Justice Stevens On Playing Politics With The High Court

    Justice John Paul Stevens discusses Merrick Garland, President Donald Trump, and how the Supreme Court has changed over the past few decades, in the first of two articles based on Law360’s interview with the 97-year-old retiree. This is part of an ongoing series of exclusive Law360 interviews with current and former Supreme Court justices.

  • July 3, 2017

    9th Circ. Urged To Halt Off-Reservation Casino Plans

    A group of citizens has asked the Ninth Circuit to reverse a lower court victory for the federal government that greenlighted a tribe’s proposed casino hotel in Yuba County, California, saying the U.S. Department of the Interior has no concrete plans to mitigate the environmental impacts of the project.

  • July 3, 2017

    10th Circ. Says New Oil Lease Approvals Moot Appeal

    A Tenth Circuit panel has instructed a district court to vacate an order voiding the federal approval of oil and gas leases and drilling permits challenged in a National Environmental Policy Act suit, saying the federal government has retroactively approved the leases based on a new NEPA analysis.

  • July 3, 2017

    Tribes Tell 9th Circ. To Uphold $8.25M Pollution Award

    A confederated tribal nation pressed the Ninth Circuit to uphold a more than $8.25 million award for past costs spent responding to pollutants that a Canadian mining company dumped into the Columbia River.

Expert Analysis

  • Trump Budget Proposal Leaves Tribes On Their Own

    Larry Roberts

    Despite acknowledging what's important to the health and welfare of tribal nations, President Donald Trump's proposed $303 million cut from tribal funding essentially tells tribes that treaty and trust responsibilities do not matter to him. Tribes will need to turn to the courts and Congress for justice, says Lawrence Roberts of Kilpatrick Townsend & Stockton LLP.

  • Tips For Complying With ABA’s New Encryption Guidance

    Nick Holda

    Last month, the American Bar Association published revised guidance regarding an attorney’s duty to protect sensitive client material in light of recent high-profile hacks. The first step in compliance is understanding how your data is being stored and accessed. There are three key questions you should ask your firm’s information technology staff and/or external solution vendors, says Nick Holda of PreVeil.

  • Weekly Column

    Innovating For Wise Juries: Preliminary Instructions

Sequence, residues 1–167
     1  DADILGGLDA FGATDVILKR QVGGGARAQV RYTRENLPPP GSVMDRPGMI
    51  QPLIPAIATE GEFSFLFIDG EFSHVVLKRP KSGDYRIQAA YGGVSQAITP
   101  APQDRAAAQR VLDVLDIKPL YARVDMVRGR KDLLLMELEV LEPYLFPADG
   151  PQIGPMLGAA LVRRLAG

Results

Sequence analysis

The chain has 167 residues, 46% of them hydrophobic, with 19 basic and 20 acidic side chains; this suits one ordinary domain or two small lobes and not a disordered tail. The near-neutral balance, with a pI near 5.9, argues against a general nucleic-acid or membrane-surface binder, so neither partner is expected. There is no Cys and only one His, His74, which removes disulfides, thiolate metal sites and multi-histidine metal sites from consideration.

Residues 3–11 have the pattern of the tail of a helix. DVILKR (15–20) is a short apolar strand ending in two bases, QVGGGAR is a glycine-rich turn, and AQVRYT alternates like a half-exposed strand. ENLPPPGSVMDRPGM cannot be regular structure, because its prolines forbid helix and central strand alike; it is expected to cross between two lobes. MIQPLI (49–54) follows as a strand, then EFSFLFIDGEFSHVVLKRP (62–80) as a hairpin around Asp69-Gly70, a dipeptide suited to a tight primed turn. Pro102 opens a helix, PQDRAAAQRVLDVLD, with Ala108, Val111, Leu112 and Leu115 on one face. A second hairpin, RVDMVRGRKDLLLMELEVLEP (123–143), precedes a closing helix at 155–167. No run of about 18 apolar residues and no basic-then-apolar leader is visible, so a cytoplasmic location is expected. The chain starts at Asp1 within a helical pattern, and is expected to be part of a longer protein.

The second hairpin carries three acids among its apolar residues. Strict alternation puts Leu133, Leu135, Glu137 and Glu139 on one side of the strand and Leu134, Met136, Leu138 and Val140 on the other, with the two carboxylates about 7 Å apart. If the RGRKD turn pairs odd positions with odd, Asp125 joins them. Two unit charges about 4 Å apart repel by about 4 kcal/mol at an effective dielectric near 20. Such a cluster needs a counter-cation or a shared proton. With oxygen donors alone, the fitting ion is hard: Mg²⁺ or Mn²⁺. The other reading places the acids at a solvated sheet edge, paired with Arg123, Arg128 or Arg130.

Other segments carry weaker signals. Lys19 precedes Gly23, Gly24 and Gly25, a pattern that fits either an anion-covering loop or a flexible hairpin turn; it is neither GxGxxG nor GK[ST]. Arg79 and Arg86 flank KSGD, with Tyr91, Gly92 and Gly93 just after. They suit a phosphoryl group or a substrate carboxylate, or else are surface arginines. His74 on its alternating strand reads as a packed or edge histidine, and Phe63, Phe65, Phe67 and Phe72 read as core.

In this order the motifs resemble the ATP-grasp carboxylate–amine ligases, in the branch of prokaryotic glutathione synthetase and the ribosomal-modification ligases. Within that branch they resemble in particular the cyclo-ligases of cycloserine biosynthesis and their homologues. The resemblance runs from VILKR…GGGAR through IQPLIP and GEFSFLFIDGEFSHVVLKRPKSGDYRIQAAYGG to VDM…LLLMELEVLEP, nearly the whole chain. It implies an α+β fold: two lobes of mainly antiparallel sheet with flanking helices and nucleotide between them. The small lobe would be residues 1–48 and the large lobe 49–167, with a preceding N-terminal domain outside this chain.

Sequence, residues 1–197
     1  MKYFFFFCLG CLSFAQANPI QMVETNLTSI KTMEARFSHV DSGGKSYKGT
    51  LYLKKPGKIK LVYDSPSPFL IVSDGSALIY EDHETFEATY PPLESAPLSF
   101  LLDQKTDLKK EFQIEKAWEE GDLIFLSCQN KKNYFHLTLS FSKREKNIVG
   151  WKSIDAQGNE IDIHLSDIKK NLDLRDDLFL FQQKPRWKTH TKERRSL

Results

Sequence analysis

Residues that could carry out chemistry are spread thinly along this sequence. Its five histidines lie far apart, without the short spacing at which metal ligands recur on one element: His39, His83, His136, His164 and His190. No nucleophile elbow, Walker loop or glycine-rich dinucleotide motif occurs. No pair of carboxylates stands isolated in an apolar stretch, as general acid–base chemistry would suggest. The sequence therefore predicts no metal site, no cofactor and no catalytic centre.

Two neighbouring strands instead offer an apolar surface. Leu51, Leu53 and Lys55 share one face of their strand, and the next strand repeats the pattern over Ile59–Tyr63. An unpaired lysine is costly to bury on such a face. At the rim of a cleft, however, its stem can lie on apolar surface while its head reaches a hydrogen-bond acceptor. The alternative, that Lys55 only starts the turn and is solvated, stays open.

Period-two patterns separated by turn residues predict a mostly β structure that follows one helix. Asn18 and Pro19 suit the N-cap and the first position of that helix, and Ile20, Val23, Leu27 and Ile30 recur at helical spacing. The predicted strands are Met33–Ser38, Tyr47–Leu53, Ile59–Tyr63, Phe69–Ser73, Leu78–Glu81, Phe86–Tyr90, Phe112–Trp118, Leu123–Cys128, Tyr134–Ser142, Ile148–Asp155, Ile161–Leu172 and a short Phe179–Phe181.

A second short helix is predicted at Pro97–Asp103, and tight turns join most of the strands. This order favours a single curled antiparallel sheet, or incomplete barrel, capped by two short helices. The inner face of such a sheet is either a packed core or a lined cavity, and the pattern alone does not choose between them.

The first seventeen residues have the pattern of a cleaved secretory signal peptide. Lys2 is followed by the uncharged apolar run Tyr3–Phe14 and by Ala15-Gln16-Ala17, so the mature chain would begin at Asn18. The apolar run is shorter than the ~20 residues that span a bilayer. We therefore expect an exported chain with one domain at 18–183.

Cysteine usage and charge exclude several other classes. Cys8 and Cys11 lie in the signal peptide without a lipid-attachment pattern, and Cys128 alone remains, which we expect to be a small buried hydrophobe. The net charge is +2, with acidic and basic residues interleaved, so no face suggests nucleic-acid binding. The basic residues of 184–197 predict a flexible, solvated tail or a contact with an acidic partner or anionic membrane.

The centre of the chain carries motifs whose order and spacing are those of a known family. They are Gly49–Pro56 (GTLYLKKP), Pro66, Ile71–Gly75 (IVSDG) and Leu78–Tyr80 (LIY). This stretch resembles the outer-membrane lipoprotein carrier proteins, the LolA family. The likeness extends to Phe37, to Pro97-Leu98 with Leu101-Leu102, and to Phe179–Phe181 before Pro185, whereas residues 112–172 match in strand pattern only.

Richard Lorren Jolly

    One of the easiest ways to improve civil jury trials is to give juries substantive instructions on the law at the beginning of the trial rather than at its conclusion. It is also one of the most popular proposals we are recommending, say Stephen Susman, Richard Lorren Jolly and Dr. Roy Futterman of the NYU School of Law Civil Jury Project.

  • Due Diligence From The Lateral Partner’s Perspective

    Howard Flack

    Lateral candidates looking to make the last — or perhaps only — move of their career cannot afford to just stand by and let a law firm’s vetting process unfold on its own, says Howard Flack, a partner at Volta Talent Strategies who previously led lateral partner recruiting and integration at Hogan Lovells.

  • Lateral Partner Due Diligence: Where Should A Firm Begin?

    Howard Flack

    One frequently hears from leading malpractice insurers that one of the highest risk categories for law firms is that of lateral partners not sufficiently vetted during the recruitment process, says Howard Flack, a partner at Volta Talent Strategies Inc. who previously led lateral partner recruiting and integration at Hogan Lovells.

  • Weekly Column

    Innovating For Wise Juries: Setting Trial Time Limits

    Stephen Susman

    This is the second in a series of articles discussing ideas proposed by the NYU School of Law Civil Jury Project to resuscitate the American jury trial. In this article, Stephen Susman, Richard Lorren Jolly and Dr. Roy Futterman argue for setting early and strict time limits in civil jury trials.

  • Trump's Monuments Order Won't Benefit Tribal Economies

    Hillary Hoffmann

    President Donald Trump's executive order mandating the review of national monuments with the goal of opening public lands to mineral development could provide some economic benefits, but history has shown that most mineral development booms are followed by inevitable busts, says professor Hillary Hoffmann of Vermont Law School.

  • Opinion

    Big Business Lobby Tries To Hobble Litigation Finance, Again

    Allison Chock

    In its most recent petition advocating mandatory disclosure of litigation finance, the U.S. Chamber of Commerce simply rehashes the same arguments from its previous failed efforts to convince the Committee on Rules of Practice and Procedure of the dire implications of undisclosed funding relationships, say members of IMF Bentham Ltd.

  • Series

    The Return Of Attorney-Conducted Voir Dire

    Stephen Susman

    If we truly believe in providing litigants with a jury of one’s peers, we must adopt strategies to ensure that parties and their representatives have a say in selecting their jury. When only judges participate, the result is a less representative and less fair cross section of the community, say Stephen Susman, Richard Jolly and Roy Futterman of NYU School of Law's Civil Jury Project.

  • Monthly Column

    Gray Matters: Identities Are Us

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    Lawyers faced with clients who can’t or won’t listen to their advice must consider that the core of this risky decision may be a person's inability or refusal to relinquish a prime identity in times of uncertainty, say dispute resolution experts Robert Creo and Selina Shultz.